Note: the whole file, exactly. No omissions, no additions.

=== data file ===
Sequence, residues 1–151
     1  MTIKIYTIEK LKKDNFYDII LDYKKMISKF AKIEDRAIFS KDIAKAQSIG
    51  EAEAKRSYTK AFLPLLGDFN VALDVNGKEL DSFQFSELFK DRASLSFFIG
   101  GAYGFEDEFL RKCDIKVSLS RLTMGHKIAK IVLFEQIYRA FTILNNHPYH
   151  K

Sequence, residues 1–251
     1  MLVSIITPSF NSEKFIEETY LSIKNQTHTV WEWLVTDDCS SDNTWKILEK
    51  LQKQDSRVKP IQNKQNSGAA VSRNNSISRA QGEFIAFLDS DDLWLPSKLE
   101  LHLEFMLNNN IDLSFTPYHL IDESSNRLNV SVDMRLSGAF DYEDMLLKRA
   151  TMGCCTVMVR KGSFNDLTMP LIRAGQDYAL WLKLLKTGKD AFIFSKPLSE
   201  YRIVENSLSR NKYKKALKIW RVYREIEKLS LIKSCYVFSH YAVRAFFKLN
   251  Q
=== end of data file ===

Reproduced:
Sequence, residues 1–151
     1  MTIKIYTIEK LKKDNFYDII LDYKKMISKF AKIEDRAIFS KDIAKAQSIG
    51  EAEAKRSYTK AFLPLLGDFN VALDVNGKEL DSFQFSELFK DRASLSFFIG
   101  GAYGFEDEFL RKCDIKVSLS RLTMGHKIAK IVLFEQIYRA FTILNNHPYH
   151  K

Sequence, residues 1–251
     1  MLVSIITPSF NSEKFIEETY LSIKNQTHTV WEWLVTDDCS SDNTWKILEK
    51  LQKQDSRVKP IQNKQNSGAA VSRNNSISRA QGEFIAFLDS DDLWLPSKLE
   101  LHLEFMLNNN IDLSFTPYHL IDESSNRLNV SVDMRLSGAF DYEDMLLKRA
   151  TMGCCTVMVR KGSFNDLTMP LIRAGQDYAL WLKLLKTGKD AFIFSKPLSE
   201  YRIVENSLSR NKYKKALKIW RVYREIEKLS LIKSCYVFSH YAVRAFFKLN
   251  Q